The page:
When we repent of our sins, we are willingly offering our bodies as living sacrifices (Romans 12:1). And that isn’t a one-time thing. Authentic repentance is a commitment to pick up our cross and regularly die to sin (Luke 9:23, Romans 6:1-23, Matthew 10:28, Colossians 2:20). When Jesus commanded us to carry our cross daily (Matthew 16:24-26), it was a reminder to take the burden of repentance with us at all times. Why? Because continual death to sin releases joy, abundant life, power, self-control, and authority in Christ (John 10:10, 2 Timothy 1:7, Acts 1:8, John 14:12). Consider what Paul said to the church in Colossae:

“For ye are dead, and your life is hid with Christ in God.

Colossians 3:3

Just as Christ became literally dead in the tomb, so we, by virtue of our connection with Christ, have become dead to sin, to worldly influences, pleasures, and ambition. Or, in other words, we are to be to them as if we were dead, and they had no more influence over us than the things of earth had over Him in the grave.[i]

But what does it mean to be “hidden” with Christ in God? Certainly, Paul was alluding to the idea of secrecy and safety in God. Our life and salvation are secure in God when we are dead to sin. But we are not literally hidden from the view of the world. No. The meaning here goes deeper than merely being out of sight. The term hidden (kekruptai) can also mean “concealed.” The implication here is that our life is unknown or not understood by the watching world. But these unseen realities will be revealed to the world by God in due time (1 John 3:1-2).[ii] The spiritual death of a sinner produces a saint that is continuously misunderstood by sinners.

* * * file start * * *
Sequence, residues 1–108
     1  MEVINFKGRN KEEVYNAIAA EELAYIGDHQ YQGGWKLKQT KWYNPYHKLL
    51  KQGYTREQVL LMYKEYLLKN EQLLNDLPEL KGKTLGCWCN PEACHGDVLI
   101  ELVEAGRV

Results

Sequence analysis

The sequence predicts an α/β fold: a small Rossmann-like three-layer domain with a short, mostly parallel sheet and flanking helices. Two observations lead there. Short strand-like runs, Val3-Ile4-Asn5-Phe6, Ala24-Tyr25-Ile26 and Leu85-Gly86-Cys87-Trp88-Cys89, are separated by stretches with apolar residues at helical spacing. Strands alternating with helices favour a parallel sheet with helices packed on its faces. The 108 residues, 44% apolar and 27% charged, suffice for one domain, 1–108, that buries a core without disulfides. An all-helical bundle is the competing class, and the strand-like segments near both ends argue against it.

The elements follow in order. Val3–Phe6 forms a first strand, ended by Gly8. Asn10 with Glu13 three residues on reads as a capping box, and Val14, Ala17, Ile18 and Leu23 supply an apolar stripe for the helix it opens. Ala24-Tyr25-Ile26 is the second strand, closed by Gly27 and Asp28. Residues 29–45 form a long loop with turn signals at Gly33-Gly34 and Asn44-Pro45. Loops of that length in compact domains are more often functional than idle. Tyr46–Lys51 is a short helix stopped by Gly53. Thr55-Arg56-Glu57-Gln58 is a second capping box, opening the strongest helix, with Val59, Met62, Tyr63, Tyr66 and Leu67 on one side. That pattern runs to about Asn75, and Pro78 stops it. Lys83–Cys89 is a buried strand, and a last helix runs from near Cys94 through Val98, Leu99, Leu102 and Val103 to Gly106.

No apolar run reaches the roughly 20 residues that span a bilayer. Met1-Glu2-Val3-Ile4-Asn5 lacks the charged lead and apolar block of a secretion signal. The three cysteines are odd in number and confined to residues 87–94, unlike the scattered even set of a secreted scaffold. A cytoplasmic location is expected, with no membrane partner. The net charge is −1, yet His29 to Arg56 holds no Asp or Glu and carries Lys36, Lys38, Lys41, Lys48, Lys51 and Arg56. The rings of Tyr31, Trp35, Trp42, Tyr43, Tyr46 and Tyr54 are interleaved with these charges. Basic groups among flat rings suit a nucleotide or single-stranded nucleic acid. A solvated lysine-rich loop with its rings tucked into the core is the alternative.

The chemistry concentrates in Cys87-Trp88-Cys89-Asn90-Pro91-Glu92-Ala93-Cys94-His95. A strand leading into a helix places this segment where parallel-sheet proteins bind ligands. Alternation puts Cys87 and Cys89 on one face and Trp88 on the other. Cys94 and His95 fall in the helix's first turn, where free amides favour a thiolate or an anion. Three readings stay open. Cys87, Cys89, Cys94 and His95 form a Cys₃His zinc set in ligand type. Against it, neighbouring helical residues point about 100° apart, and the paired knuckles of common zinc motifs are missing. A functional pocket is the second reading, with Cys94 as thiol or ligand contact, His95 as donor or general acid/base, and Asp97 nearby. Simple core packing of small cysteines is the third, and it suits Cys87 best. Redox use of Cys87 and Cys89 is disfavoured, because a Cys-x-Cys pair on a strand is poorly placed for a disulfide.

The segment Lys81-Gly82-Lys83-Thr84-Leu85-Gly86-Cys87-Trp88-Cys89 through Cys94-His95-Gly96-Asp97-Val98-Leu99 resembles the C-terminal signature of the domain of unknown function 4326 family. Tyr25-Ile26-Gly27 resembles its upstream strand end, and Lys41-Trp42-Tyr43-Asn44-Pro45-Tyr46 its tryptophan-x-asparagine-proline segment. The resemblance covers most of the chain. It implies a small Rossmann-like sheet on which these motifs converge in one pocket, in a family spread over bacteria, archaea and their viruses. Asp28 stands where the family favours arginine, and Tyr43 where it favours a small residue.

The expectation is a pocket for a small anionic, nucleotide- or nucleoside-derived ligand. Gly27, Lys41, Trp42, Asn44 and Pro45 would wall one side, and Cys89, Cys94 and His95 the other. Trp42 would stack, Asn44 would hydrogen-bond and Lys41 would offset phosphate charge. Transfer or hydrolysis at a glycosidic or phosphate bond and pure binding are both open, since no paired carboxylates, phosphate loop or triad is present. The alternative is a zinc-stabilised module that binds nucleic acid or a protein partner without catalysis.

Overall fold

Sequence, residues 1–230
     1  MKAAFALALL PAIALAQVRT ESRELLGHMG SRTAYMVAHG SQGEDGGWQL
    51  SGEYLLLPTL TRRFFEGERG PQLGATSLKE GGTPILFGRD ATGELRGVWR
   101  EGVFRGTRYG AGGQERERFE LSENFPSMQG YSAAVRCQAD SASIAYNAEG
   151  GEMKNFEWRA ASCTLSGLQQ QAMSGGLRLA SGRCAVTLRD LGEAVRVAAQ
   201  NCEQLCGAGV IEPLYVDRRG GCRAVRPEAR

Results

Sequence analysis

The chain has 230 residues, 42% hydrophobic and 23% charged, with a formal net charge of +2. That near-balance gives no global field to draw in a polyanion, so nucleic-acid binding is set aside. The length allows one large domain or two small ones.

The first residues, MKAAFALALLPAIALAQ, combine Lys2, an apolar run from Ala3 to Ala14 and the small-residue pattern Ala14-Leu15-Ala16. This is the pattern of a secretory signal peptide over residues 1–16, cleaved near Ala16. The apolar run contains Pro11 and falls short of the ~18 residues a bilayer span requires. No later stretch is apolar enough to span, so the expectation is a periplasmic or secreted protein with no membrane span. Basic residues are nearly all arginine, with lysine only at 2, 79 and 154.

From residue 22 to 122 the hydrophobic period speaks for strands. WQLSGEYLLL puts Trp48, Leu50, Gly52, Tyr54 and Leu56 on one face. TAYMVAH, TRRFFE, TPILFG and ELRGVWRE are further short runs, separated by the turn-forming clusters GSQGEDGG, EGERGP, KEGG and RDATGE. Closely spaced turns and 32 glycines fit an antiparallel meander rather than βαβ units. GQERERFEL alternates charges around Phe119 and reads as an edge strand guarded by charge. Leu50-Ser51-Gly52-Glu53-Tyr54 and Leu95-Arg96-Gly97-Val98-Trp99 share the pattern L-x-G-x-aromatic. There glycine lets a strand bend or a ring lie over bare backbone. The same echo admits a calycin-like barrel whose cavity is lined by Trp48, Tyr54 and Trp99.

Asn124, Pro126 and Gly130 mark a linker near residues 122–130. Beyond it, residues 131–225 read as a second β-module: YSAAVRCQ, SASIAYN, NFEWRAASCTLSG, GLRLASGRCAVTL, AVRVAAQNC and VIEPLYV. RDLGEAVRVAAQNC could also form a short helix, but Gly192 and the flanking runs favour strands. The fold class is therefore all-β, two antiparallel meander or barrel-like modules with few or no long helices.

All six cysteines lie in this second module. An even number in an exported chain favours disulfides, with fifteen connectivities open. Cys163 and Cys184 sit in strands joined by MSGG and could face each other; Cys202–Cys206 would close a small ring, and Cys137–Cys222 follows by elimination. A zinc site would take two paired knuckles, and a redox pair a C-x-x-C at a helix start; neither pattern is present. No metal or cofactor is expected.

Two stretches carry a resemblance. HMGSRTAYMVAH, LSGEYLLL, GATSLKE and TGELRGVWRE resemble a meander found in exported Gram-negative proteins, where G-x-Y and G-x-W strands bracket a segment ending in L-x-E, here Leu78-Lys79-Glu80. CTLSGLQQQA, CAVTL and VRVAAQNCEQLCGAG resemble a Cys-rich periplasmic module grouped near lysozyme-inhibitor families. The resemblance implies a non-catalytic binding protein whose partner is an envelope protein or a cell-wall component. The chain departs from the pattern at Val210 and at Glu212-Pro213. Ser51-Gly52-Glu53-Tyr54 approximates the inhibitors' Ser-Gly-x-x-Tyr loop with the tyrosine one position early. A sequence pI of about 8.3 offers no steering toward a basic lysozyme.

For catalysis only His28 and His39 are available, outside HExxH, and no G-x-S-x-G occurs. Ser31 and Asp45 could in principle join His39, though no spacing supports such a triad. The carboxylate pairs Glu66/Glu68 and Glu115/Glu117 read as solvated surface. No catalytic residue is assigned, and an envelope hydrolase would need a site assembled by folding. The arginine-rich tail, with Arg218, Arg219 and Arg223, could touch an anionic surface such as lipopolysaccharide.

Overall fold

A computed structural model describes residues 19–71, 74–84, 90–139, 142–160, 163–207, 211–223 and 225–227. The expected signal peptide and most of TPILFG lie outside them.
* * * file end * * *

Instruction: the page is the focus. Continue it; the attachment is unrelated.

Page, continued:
When we repent, we are willingly offering our bodies as living sacrifices (Rom 12:1). That isn’t a one-time thing. Authentic repentance is a commitment to pick up our cross and regularly die to sin (Lk 9:23, Rom 6:1-23, Mat 10:28, Col 2:20).

When Jesus commanded us to carry our cross daily, it was a reminder to take the burden of repentance with us at all times. Because continual death to sin releases joy, abundant life, power, self-control, and authority in Christ.

Just as Christ became literally dead in the tomb, so we, by virtue of our connection with Christ, have become dead to sin, to worldly influences, pleasures, and ambition.

The spiritual death of a sinner produces a saint that is continuously misunderstood by sinners.

The Prettiest Sight to See

Therefore, as we begin to look a lot like Christ, which is what we are called to do (1 John 2:6, Galatians 3:27, Philippians 2:5), the dead weights of sin begin to fall off the branches of our lives (Hebrews 12:1, John 15:5, Romans 13:12, Ephesians 4:22-25). When the leaves of sin are falling one by one, we know that a joyous death is about to take place, and winter is coming. Old habits take their last gulps of air, fear and condemnation lie on their death beds, carnal thinking is being transformed, sinful dysfunctional relationships are severing, as the joy of salvation and holiness begin to take root amidst the chill. The death is harsh, tear-soaked, unrelenting, yet it’s one of the prettiest sights to see because Christ’s image is being made manifest in human life.


[i] Albert Barnes, Barnes’ Notes on the New Testament, Accordance electronic ed. (Altamonte Springs: OakTree Software, 2006), paragraph 24986.

[ii] Max Anders, Galatians, Ephesians, Philippians & Colossians, ed. Max Anders, vol. 8 of Holman New Testament Commentary. Accordance electronic ed. (Nashville: B & H Publishing Group, 1999), 327.

Kanye West Might Be Sincere (But Sincerity Alone Is Not Salvation)

If you’re a social media user it might feel like a non-stop Kanye West extravaganza has taken over your feed lately. The frenzy from all directions has been palpable. Many people in my inner circle didn’t even know who Kanye was until a few weeks ago. For me, his name was associated with lyrics and artists that I purposely avoided because of the vulgarity, sexuality, violence, and substance abuse they promoted.